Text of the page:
A waiter came out with a basket of French Bread, some water, and shortly thereafter, our food. It was then that we noticed the entire bar clearing out. A woman came in, said something to the bartender, and then left. A few minutes later, a different woman did the same thing. We got the creeping feeling that we were not doing the right thing. Finally, one man came in and had a drink at the bar. It was around 12:15, so it didn’t make sense that the place would be closed, but we were getting mighty confused. The food was incredible, but I was so stressed, trying to analyze the situation, that I hardly enjoyed the experience. I took a lot of deep breaths during that meal. Chris had the grace to pay, so that I wouldn’t feel any more undeserving of my French citizenship. We walked out of the Bistro, and noticed that every shop was now closed, even the wine shop. In France, everyone closes shop around lunchtime, this I knew. What I didn’t know is that they would be closed from 12 to 3 p.m. We were not going to wait around, so we went back to our bikes, deciding to buy bread and wine in Premian instead. As I stood by the bikes, and Chris bent over to unlock the bikes, i felt something hit my left shoulder. I looked back, and there was a orange-brown clump. I pointed it out to Chris, he looked up, and exclaimed, “A bird pooped on you!” He went on to notice, and I extrapolated, that this bird, was a Pigeon. Now, pigeons are not just any animal, yes, they have been called varmin of the sky, but since I was 14 years old, traveling in Paris with my grandmother, I have claimed that the Pigeon is my spirit animal. I ask you now, What does it mean when your spirit animal poops on you? I decided that, really, this direct communication meant one thing, I needed to CHILL OUT. So, that is when we noticed that Chris’s front tire was flat.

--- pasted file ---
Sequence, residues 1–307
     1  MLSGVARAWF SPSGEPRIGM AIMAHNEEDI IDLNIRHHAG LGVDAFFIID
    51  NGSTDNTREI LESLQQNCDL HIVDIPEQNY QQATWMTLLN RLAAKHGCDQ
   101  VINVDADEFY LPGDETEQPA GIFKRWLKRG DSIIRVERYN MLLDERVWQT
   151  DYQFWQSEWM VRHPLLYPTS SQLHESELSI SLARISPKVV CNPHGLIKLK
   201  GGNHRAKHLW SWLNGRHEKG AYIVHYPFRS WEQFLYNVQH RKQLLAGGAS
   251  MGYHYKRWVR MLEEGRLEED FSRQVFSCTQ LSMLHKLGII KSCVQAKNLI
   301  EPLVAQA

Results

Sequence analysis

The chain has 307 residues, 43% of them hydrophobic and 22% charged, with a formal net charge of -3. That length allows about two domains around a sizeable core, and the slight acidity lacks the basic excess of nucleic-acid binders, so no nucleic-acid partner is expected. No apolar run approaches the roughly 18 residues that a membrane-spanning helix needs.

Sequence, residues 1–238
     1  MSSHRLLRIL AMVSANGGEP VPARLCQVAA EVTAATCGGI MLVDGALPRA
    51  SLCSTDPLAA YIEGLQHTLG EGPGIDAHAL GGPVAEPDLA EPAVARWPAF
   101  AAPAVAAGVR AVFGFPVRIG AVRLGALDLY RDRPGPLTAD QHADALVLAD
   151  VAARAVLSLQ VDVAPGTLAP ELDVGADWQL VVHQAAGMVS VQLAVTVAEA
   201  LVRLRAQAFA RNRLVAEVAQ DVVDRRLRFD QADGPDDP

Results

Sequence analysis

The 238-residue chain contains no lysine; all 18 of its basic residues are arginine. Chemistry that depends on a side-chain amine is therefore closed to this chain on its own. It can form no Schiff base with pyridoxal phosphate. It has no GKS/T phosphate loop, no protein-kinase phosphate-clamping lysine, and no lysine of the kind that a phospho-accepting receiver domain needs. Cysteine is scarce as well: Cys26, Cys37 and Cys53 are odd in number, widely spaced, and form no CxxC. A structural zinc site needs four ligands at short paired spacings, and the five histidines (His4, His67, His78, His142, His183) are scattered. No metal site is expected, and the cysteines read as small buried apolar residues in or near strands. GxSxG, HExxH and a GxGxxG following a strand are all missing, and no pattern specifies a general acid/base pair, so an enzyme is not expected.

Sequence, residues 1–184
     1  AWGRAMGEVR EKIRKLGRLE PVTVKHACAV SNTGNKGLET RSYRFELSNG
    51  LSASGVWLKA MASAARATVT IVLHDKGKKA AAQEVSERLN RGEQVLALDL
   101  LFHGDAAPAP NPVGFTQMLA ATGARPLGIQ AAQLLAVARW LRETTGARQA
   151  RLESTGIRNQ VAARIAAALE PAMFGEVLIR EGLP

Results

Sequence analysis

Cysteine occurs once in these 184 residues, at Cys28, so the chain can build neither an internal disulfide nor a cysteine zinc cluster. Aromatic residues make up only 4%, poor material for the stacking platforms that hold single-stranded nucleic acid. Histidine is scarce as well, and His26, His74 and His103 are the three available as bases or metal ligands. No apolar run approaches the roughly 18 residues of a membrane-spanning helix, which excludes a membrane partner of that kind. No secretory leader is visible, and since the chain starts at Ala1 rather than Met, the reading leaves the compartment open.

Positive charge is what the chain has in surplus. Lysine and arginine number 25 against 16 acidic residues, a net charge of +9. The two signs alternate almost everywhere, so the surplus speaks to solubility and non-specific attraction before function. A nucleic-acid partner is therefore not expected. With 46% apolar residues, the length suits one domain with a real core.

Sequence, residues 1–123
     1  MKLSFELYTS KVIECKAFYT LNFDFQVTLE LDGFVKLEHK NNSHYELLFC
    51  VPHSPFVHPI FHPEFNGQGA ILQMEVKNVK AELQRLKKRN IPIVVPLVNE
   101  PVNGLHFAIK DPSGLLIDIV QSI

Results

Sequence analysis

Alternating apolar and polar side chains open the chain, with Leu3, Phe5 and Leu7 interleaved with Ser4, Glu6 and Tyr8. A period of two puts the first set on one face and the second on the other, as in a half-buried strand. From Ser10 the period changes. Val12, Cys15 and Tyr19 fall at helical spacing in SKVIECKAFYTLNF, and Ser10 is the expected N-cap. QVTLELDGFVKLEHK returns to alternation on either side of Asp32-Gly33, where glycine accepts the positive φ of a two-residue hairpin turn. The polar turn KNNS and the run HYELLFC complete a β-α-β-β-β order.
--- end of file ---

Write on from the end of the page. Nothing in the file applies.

Oh yea, I said it: flat tire, in France, all shops are closed, no means of communication with anyone outside the city… So, we did the only thing we could, we laughed, Chris pulled out the extra tube he had providentially packed, and he replaced the tube, until he snapped the tire lever in half. The entire time he was working, I sat on the steps commenting on how much better French deliver people are than American (oh look he is parking just to eat a sandwich, oh! now he is wiping his mouth with a napkin, and drinking a *small* coke. and then wiping down the entire dash of the car, beginning with the steering wheel, I don’t think I have *ever* wiped off the steering wheel! Oh how wonderful) All this while Chris is giggling about the situation, and I am sitting in the stone steps behind him typing to you with Kyrie Eleison of Mozart’s Requiem blaring in my headphones.
Later… It took the strength of two Americans to get that bike tire back on (after the tools proved useless). We biked home, and it turned out, that we had indeed been biking uphill the entire time, which means that we coasted about 3.5k back home. It seemed as though our luck had turned. That is until, at 3 p.m. we noticed that the bakery in Premian (also the only place to buy wine) would be closed until 4. Now, I love France, I think it is a great idea to take a break in the middle of the day, but FOUR HOURS?! What in the H E double hockeysticks do they do for four stinking hours. *ahem* Chris and I meandered around town for an hour, remembering the wisdom of the Pigeon Poo. We saw such beauty, including an adorable kitten sitting inside a drainage pipe. We sat on a bench. “You know,” I said, “it is really important to just sit places. you really get to know what goes on if you take the time to just sit somewhere,” I waxed. The church bells rang four times, and we tried to restrain ourselves as we walked the one block from the bench to the bakery. The lights were off. We stared. We waited, We tried not to look impatient. Nothing happened. Dejected by the bread gods, we marched back to our bikes, and went home… did I mention that Les Seilhols is basically on the side of a mountain? Yes, this means that we biked (walked) uphill, for a significant increase in altitude. At home, Muttley went for a walk with Chris, got rid of the other half of a log that he had been holding onto all day, I made a Curry Parsnip soup with lemon yogurt drizzle and cous cous for dinner, and we warmed ourselves by the fire.